We're protecting more than just gorillas!
A significant part of our plan when we designed our new Ellen Campus was to restore native plant species to this former agricultural space. We planted roughly 250,000 individual plants from 110 different species—and as the plants returned, so did the insects, insectivores and other native species.
Before construction started, we collected data on the biodiversity at the site. We found a low number of native plant species, about 20-30 bird species, a moderate variety of insects and the occasional frog. Two years later, having converted the former fields of grassland and potato crops to a budding native ecosystem, we are seeing a variety of species beginning to make the Ellen Campus their home.
All the species previously present, many of which favor human-disturbed or open landscapes, remain on site. This includes seed-eating birds commonly found on agricultural lands and gardens, such as colorful yellow canaries, cute little waxbills, and splendid pin-tailed whydahs.
But the list also includes insectivores—insect-eating birds—such as paradise flycatchers, and nectarivores like the variable sunbird, as well as an increasing variety of insects and frogs. Some of these species were not seen in our original survey, a clear sign that the native vegetation is attracting new species. We are also beginning to see more specialized species, those that prefer forests to crop fields, and we are adding to our list every week. The wetlands on the site now attract herons, for example, while the presence of dragonflies indicates that these new wetland ecosystems on the Ellen Campus are healthy and thriving. We’re curious to find out which mammals visit our campus at night, and so we’ve installed camera traps.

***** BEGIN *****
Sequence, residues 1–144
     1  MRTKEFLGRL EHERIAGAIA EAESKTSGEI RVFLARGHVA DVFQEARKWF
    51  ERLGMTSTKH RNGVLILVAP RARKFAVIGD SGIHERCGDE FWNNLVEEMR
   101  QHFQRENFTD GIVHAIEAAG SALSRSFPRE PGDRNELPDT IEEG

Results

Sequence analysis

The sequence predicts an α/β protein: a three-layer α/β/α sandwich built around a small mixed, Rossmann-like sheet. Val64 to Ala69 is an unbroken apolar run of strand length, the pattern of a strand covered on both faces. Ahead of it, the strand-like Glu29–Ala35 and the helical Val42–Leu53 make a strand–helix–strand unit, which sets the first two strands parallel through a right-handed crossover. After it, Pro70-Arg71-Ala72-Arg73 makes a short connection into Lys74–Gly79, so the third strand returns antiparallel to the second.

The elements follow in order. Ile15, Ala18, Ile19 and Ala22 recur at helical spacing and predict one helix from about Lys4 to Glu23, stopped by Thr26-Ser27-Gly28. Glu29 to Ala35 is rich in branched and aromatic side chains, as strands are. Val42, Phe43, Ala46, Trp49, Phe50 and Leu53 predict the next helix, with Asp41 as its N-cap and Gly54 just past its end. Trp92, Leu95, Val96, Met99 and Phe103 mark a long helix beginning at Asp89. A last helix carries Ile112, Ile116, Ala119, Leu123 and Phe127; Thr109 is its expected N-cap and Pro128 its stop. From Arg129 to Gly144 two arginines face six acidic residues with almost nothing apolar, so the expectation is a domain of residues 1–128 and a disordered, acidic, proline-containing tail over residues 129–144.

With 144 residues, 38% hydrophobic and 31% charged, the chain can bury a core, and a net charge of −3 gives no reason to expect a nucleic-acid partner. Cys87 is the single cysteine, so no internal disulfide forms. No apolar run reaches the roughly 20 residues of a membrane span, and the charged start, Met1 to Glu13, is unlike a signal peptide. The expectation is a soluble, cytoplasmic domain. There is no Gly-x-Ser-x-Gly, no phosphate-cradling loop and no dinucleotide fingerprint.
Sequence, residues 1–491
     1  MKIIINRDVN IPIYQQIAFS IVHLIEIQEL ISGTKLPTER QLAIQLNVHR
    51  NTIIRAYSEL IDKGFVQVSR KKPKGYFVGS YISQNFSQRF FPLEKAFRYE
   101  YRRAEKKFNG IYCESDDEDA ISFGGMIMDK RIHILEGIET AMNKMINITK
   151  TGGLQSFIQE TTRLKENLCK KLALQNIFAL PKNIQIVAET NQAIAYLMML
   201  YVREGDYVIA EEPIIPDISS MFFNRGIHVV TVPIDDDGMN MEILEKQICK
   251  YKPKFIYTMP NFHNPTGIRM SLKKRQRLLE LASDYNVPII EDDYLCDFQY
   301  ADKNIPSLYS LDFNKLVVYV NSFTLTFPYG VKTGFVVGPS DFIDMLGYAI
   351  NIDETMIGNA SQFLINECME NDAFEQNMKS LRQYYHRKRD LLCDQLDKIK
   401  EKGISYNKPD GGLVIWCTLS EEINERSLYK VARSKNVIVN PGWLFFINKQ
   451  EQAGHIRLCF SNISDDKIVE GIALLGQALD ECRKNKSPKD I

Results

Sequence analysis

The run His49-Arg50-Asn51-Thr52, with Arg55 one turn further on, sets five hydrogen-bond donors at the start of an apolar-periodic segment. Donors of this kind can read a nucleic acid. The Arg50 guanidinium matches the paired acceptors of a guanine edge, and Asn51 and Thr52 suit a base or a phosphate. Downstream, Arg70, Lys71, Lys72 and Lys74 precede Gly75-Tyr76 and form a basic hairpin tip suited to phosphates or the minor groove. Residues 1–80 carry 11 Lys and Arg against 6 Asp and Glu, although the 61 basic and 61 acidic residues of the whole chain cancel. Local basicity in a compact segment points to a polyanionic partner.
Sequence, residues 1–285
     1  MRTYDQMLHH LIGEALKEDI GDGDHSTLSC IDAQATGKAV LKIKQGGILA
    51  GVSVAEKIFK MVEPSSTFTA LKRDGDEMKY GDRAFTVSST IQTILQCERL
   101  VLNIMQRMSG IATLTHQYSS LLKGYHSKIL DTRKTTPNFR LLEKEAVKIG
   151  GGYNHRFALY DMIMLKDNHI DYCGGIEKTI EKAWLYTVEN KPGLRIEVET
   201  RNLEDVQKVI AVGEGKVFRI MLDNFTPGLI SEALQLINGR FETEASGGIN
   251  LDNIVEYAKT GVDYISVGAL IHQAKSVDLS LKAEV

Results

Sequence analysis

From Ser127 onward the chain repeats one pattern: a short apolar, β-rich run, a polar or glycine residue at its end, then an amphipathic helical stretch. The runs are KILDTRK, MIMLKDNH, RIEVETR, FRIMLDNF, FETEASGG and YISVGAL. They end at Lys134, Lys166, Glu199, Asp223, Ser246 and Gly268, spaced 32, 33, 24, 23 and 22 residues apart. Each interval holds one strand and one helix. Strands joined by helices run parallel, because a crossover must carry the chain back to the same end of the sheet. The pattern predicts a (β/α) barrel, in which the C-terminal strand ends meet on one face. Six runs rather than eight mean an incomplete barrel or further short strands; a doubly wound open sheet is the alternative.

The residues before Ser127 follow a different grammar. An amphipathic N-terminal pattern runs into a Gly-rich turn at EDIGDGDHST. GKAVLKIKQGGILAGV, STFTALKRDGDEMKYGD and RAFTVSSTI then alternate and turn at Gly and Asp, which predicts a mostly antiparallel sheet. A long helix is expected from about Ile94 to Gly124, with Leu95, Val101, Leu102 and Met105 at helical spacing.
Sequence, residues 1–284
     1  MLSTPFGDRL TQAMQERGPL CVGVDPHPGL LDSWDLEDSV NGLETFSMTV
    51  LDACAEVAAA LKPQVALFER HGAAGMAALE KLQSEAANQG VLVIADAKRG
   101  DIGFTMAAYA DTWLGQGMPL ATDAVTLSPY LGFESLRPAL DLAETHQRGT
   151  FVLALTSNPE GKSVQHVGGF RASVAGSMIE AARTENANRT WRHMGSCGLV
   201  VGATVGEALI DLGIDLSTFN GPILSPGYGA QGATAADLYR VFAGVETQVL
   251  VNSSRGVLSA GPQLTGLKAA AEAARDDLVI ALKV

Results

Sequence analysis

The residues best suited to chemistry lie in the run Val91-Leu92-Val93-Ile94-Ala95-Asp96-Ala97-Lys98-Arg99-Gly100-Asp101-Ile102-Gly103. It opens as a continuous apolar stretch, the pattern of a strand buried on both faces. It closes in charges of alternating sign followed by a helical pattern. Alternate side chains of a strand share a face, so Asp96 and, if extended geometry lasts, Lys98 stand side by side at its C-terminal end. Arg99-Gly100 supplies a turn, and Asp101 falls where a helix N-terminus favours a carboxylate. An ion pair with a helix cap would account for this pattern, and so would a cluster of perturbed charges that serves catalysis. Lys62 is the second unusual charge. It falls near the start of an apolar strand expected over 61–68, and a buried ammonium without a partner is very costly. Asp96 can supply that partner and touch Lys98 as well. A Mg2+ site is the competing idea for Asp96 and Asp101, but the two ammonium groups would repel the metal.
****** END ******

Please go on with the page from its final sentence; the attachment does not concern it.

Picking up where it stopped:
As the landscape around our new home turns greener every day, we are curious to see how animals respond. Might the Ellen Campus provide a habitat for the more threatened species, the unique organisms currently only found in the neighboring national park? We’ll keep you posted.